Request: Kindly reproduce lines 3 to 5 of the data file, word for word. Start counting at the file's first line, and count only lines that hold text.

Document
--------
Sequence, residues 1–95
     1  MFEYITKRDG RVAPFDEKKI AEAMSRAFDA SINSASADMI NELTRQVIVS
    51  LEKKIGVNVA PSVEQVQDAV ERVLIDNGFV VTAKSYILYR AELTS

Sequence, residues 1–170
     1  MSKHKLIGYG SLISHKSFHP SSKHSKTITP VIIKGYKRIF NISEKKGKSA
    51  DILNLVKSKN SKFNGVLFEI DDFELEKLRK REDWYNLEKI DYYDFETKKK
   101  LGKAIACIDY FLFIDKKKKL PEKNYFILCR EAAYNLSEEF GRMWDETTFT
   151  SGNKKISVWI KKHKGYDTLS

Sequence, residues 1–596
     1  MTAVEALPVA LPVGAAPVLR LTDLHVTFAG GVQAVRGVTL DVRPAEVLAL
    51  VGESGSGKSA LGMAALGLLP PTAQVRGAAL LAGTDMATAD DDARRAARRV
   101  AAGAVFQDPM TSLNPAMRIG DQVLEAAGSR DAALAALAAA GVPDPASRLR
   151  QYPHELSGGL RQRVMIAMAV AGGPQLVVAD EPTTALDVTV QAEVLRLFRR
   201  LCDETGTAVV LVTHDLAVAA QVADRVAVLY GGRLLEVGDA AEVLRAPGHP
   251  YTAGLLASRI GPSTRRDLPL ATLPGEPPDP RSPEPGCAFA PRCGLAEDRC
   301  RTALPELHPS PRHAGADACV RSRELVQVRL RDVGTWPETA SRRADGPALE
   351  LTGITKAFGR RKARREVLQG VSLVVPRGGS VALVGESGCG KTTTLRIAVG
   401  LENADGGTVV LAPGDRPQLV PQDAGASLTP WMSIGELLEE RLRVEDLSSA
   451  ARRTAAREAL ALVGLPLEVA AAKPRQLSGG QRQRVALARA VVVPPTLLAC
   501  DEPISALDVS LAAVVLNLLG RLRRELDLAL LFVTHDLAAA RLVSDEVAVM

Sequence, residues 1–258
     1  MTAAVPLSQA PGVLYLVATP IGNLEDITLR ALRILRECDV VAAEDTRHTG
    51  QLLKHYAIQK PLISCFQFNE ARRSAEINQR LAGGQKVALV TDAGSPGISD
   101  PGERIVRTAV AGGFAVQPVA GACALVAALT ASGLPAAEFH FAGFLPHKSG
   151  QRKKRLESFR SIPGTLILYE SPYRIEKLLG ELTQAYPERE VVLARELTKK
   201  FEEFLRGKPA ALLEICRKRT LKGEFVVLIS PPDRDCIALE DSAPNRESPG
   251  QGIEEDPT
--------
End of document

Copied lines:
    51  LEKKIGVNVA PSVEQVQDAV ERVLIDNGFV VTAKSYILYR AELTS

Sequence, residues 1–170
     1  MSKHKLIGYG SLISHKSFHP SSKHSKTITP VIIKGYKRIF NISEKKGKSA